Ceol na hÉireann / Irish Music, Volume 1, Issue 3, Page 7

Ceol na hÉireann / Irish Music, Volume 1, Issue 3, Page 7
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periodical Publisher
Na Píobairí Uilleann
periodical Editor
Chairman, NPU
periodical Title
Ceol na hÉireann / Irish Music
volume Number
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4Ceol na hEireann Irish Music5After teaching in the Club for two or three hours, Leo would then play to anappreciative audience.I well remember my Dad setting off from our family home to travel by busacross Dublin to The School of Music in Chatham Row, in the afternoon of adamp November day, and feeling most concerned about his constant cough. Hewould return home after 10.30 pm feeling tired after having taught, tuned andgiven encouragement to his many pupils.After having had a cup of tea, my mother would encourage him to write sometunes for his (yet unpublished) collection of music. The arrangements aredesigned specifically for the uilleann pipes, and with Leos long experience inmanufacturing, playing and teaching the pipes, the music should prove to be ofinvaluable assistance to enthusiasts of varying degrees of proficiency. Had helived on, there is no doubt but that the collection would have been voluminous,for he himself had long years of experience in writing tunes for countless pupilswho studied the art. Leo was endowed with a fantastic memory - one couldmention the name of a tune and he would at once lilt. It was impossible to catchhim out.Although the extent of his formal education did not extend beyond PrimarySchool, Leo had a high degree Qf intelligence which stood to him in everydaylife in his dealings with people. He spoke ill of no man and was extremelypatient and obliging. In my days of involvement with Comhalts in Dublin, Iwould usually bring a few enthusiasts back to our house after a session. At thatstage my Dad, having returned late from the School of Music or the Club afterteaching for hours, would be requested to play for my enthusiastic friends, Iwould boldly go to his room and quietly ask him whether he was awake!Eventually, he would come down, often in his dressing gown and slippers, puton the pipes and play for hours. He was such a great sport!I travelled to many fleadhanna with him, all of which we thoroughly enjoyed.He loved playing and meeting his friends throughout the country. It was easy totell how much he enjoyed playing for an appreciative audience for it showed onhis smiling face. Leo worked far too hard. My greatest regret is of having grownup too late to help him to have an easier life. He alone made the instrument inthe workshop at home with a few tools. He beat the keys out on the anvil; turnedthe black ebony (some boxwood) chanters on the lathe. He alone cut the ivoryfor the chanter and drones. I well remember a silver sound box on a set he hadjust made. I though I had seen it before! The penny dropped much later when Irealised that it was the rosary beads box I had been given by a nun. It was alovely box, although I could never open it - my very creative father used itwhere it didnt need to be opened except for the hole which turned it into asound box for the drones! He would often come home with a box of ivorybilliard balls - as a child I never quite understood the reason for this addition tothe household since we didnt possess a billiard table! When the supply of ivorytusks was low, we would cut the balls for use as ornamentation for the tops andends of the chanters and for the ends of the regulators and drones. The task ofcutting ivory must have been a challenging one due to the lack of specialisedtools.At the age of seventeen, Leo played the pipes at the opening of 2RN (The IrishNational Broadcasting Station) and was the first Irish Artist to play the pipes onBBCTV.In 1952 he was admitted to the Richmond Hospital with nephritis and had toremain there for some weeks during which he entertained the medical staff andpatients with his playing.At the 1966 Pearse Commemoration in Dublin, Leo was asked to play AnBuachaill Caol Dubh in remembrance of Pdraig Pearse. I will alwaysremember the plaintive sound of his pipes on that occasion. That was one of thehighlights of his career.He played in Carnegie Hall in 1968 and enjoyed his three week visit to NewYork during which he met many pipers who needed reeds and repairs. He hadtaken with him his reed-making equipment. In an article from Treoir after hisvisit he wrote that he was overcome by the reception he was given in New York.The famous Pipes Quartet comprising Leo, Sean Seery, Willie Clancy and mybrother Leon, played extensively in Ireland and overseas. In March, 1953, theyplayed in St. Andrews Hall, Glasgow for Conradh na Gaeilge, Glasgow, in thecompany of Leo Maguire, Mire NI Scolaidhe and Rory OConnor. Theirprogramme on that occasion was: The Harp that Once, Let Erin Remember,Mo Theaghiach, 0 Carolans Concerto, Planxty Davis and The MasonsApron.The original Quartet comprised Michael Padian, Leo, Tom Rowsome (Leosbrother) and Eddie Potts (Seans uncle). Among the films Leo appeared in were,V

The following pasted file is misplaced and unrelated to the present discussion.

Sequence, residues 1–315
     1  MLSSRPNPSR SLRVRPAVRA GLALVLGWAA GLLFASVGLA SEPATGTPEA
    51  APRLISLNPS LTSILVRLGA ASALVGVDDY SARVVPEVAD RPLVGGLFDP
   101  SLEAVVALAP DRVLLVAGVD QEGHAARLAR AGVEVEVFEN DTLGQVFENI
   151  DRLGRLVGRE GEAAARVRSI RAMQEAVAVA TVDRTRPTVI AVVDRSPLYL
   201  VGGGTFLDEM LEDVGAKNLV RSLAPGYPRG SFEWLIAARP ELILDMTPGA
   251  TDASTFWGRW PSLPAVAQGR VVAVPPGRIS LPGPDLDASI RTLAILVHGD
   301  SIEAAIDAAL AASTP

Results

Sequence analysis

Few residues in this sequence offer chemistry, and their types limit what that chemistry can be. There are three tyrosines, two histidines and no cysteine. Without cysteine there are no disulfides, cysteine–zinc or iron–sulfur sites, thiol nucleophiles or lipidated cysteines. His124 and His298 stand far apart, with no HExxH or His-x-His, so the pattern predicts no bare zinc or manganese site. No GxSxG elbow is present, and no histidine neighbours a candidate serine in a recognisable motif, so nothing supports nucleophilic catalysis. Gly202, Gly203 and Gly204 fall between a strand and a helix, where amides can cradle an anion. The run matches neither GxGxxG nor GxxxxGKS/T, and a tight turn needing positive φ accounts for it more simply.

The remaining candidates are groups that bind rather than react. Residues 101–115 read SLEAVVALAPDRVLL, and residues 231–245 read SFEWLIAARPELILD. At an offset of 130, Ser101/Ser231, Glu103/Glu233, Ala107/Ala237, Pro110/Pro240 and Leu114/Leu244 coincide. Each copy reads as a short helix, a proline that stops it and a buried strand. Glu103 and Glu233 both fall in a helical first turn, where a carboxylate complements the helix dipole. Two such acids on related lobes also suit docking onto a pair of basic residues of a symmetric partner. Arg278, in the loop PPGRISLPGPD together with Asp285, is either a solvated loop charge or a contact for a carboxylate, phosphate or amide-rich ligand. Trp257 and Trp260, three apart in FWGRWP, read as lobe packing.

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Ceol na hÉireann / Irish Music, Volume 1, Issue 3

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